The intrinsic primary bioreceptivity of concrete in the coastal environment – A review

Authors: Bone, J.R., Stafford, R., Hall, A.E. and Herbert, R.J.H.

Journal: Developments in the Built Environment

Volume: 10

eISSN: 2666-1659

DOI: 10.1016/j.dibe.2022.100078

Abstract:

The proliferation of artificial concrete structures (ACSs) in the marine environment causes intertidal habitat loss and is a poor surrogate for natural rocky shores in terms of species richness, abundance, and community composition. As hard engineered coastlines increase, there is growing interest in how new concrete structures can facilitate improved habitat and biodiversity compared to existing concrete structures. Experiments that have substituted cement binder and aggregates in varying proportions and combinations have demonstrated that it is possible to enhance the primary bioreceptivity of concrete, either chemically or via microtopographical texture. This review synthesises key literature and identifies which concrete formulas prove most effective at enhancing bioreceptivity and those that have limited value, providing recommendations for coastal practitioners and for formulas that warrant further study. It is evident that the efficacy of chemical bioreceptivity of concrete is likely to be spatio-temporally limited (months) and enhancing surface roughness should be prioritised as a way to enhance colonisation. However, both chemical and physical methods require further investigation in within in situ marine settings for longer durations (>12 months).

http://eprints.bournemouth.ac.uk/36927/

Source: Scopus

The intrinsic primary bioreceptivity of concrete in the coastal environment - A review

Authors: Bone, J.R., Stafford, R., Hall, A.E. and Herbert, R.J.H.

Journal: DEVELOPMENTS IN THE BUILT ENVIRONMENT

Volume: 10

eISSN: 2666-1659

DOI: 10.1016/j.dibe.2022.100078

http://eprints.bournemouth.ac.uk/36927/

Source: Web of Science (Lite)

The intrinsic primary bioreceptivity of concrete in the coastal environment – A review

Authors: Bone, J.R., Stafford, R., Hall, A.E. and Herbert, R.J.H.

Journal: Developments in the Built Environment

Volume: 10

Pages: 1-13

Publisher: Elsevier

DOI: 10.1016/j.dibe.2022.100078

Abstract:

The proliferation of artificial concrete structures (ACSs) in the marine environment causes intertidal habitat loss and is a poor surrogate for natural rocky shores in terms of species richness, abundance, and community composition. As hard engineered coastlines increase, there is growing interest in how new concrete structures can facilitate improved habitat and biodiversity compared to existing concrete structures. Experiments that have substituted cement binder and aggregates in varying proportions and combinations have demonstrated that it is possible to enhance the primary bioreceptivity of concrete, either chemically or via microtopographical texture.

This review synthesises key literature and identifies which concrete formulas prove most effective at enhancing bioreceptivity and those that have limited value, providing recommendations for coastal practitioners and for formulas that warrant further study. It is evident that the efficacy of chemical bioreceptivity of concrete is likely to be spatio-temporally limited (months) and enhancing surface roughness should be prioritised as a way to enhance colonisation. However, both chemical and physical methods require further investigation in within in situ marine settings for longer durations (>12 months).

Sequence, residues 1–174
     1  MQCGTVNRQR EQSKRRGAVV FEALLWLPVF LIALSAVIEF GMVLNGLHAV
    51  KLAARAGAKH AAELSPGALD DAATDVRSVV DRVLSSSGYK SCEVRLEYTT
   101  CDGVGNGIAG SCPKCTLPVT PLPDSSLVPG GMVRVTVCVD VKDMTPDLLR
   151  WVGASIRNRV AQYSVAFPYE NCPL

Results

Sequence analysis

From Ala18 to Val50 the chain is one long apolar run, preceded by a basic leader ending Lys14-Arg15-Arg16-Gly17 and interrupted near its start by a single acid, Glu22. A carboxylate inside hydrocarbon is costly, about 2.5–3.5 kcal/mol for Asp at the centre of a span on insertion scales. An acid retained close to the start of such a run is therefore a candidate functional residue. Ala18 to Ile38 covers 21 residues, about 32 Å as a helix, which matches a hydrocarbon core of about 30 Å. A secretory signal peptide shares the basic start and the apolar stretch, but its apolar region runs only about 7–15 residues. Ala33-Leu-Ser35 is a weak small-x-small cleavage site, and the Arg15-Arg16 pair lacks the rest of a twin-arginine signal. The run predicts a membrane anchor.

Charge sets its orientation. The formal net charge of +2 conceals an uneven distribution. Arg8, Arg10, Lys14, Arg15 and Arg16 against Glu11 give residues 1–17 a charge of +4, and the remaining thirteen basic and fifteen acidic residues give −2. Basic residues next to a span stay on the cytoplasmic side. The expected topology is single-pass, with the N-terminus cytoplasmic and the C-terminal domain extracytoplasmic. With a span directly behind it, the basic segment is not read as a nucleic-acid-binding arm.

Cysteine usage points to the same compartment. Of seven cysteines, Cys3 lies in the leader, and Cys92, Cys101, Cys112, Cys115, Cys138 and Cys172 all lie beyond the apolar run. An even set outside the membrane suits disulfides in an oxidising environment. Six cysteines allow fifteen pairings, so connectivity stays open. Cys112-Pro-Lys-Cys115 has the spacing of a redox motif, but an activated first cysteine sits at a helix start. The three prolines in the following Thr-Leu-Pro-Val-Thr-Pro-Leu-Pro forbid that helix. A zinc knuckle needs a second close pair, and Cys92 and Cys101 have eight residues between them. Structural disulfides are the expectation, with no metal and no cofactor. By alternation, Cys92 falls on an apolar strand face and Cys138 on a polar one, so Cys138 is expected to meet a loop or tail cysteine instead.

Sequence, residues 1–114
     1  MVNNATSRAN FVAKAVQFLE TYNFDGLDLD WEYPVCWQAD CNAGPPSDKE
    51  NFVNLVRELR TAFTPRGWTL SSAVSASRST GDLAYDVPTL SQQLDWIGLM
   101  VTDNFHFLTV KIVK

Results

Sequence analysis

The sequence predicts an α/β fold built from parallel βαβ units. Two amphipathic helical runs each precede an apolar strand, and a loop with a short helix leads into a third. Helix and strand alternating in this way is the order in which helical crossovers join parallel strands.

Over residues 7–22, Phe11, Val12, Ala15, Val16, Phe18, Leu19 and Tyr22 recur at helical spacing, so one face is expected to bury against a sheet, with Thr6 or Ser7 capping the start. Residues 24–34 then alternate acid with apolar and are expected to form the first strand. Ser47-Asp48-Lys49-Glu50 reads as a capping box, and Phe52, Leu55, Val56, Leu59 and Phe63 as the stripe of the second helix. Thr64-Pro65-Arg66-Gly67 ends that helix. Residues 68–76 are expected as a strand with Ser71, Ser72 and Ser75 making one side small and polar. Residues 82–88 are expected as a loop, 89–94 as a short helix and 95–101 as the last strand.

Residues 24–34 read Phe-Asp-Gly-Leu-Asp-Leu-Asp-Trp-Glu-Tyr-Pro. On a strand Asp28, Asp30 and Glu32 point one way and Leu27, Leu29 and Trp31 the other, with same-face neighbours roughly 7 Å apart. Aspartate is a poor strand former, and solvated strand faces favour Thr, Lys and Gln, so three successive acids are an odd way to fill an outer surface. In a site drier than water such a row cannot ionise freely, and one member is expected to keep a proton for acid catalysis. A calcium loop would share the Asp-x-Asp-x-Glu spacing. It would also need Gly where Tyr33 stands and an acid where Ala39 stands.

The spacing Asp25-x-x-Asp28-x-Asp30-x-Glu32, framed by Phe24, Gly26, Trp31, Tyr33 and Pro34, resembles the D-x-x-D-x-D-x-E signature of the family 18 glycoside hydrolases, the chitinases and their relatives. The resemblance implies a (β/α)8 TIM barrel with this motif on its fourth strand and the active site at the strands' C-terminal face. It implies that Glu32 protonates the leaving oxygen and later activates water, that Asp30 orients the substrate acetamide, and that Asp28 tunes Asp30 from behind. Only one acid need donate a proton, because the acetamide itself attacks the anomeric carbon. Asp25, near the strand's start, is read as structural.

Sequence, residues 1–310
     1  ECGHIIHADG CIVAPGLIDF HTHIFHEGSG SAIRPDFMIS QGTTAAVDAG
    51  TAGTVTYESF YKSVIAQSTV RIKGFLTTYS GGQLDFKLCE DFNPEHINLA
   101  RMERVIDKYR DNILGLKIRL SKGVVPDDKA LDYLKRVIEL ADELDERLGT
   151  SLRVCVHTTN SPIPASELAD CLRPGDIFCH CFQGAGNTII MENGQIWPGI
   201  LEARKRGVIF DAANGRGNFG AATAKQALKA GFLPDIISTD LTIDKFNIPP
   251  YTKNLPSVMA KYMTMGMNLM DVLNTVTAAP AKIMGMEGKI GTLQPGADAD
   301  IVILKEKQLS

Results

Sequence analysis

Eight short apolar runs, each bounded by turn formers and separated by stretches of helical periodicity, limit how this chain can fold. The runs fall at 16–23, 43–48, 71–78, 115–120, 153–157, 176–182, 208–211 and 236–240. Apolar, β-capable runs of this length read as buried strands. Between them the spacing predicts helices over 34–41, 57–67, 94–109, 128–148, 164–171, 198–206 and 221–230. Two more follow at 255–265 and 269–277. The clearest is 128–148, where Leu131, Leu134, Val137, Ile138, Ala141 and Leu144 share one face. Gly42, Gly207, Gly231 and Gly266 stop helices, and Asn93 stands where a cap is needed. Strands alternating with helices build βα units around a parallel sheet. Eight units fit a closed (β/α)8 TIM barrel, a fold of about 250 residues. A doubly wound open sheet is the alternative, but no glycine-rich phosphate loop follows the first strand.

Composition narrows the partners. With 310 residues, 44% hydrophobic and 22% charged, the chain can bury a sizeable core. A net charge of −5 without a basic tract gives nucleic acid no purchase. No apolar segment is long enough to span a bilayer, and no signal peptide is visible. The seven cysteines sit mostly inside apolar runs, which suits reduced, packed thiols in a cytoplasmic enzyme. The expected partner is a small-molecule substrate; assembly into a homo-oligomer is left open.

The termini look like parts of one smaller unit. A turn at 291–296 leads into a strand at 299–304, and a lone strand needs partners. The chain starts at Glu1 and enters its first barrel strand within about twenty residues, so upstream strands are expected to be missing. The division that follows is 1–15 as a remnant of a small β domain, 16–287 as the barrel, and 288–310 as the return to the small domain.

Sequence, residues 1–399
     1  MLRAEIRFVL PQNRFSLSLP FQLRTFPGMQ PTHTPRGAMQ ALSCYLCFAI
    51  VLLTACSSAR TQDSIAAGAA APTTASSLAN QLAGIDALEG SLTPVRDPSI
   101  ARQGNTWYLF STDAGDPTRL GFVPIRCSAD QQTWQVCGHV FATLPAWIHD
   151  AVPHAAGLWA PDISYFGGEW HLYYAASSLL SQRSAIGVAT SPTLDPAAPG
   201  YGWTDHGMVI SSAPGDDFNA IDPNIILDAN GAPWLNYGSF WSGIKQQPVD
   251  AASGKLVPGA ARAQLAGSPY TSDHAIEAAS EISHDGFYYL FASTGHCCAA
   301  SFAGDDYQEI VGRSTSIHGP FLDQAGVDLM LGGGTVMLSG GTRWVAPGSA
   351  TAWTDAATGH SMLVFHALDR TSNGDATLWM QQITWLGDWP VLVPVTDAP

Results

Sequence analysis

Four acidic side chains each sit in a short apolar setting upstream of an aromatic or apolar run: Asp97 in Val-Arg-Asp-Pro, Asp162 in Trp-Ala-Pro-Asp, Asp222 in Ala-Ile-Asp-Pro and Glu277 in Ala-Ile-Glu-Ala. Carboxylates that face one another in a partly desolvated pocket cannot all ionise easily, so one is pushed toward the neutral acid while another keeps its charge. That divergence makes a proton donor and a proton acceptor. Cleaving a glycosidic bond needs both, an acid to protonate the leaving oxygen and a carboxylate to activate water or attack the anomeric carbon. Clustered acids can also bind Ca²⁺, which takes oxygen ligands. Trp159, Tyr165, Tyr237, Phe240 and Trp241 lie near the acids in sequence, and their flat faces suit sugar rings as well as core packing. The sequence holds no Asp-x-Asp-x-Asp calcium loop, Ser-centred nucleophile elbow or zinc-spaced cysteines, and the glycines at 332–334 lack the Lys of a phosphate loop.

http://eprints.bournemouth.ac.uk/36927/

Source: Manual

The intrinsic primary bioreceptivity of concrete in the coastal environment – A review

Authors: Bone, J.R., Stafford, R., Hall, A.E. and Herbert, R.J.H.

Journal: Developments in the Built Environment

Volume: 10

Issue: May

Publisher: Elsevier

ISSN: 2666-1659

Abstract:

The proliferation of artificial concrete structures (ACSs) in the marine environment causes intertidal habitat loss and is a poor surrogate for natural rocky shores in terms of species richness, abundance, and community composition. As hard engineered coastlines increase, there is growing interest in how new concrete structures can facilitate improved habitat and biodiversity compared to existing concrete structures. Experiments that have substituted cement binder and aggregates in varying proportions and combinations have demonstrated that it is possible to enhance the primary bioreceptivity of concrete, either chemically or via microtopographical texture.

This review synthesises key literature and identifies which concrete formulas prove most effective at enhancing bioreceptivity and those that have limited value, providing recommendations for coastal practitioners and for formulas that warrant further study. It is evident that the efficacy of chemical bioreceptivity of concrete is likely to be spatio-temporally limited (months) and enhancing surface roughness should be prioritised as a way to enhance colonisation. However, both chemical and physical methods require further investigation in within in situ marine settings for longer durations (>12 months).

http://eprints.bournemouth.ac.uk/36927/

Source: BURO EPrints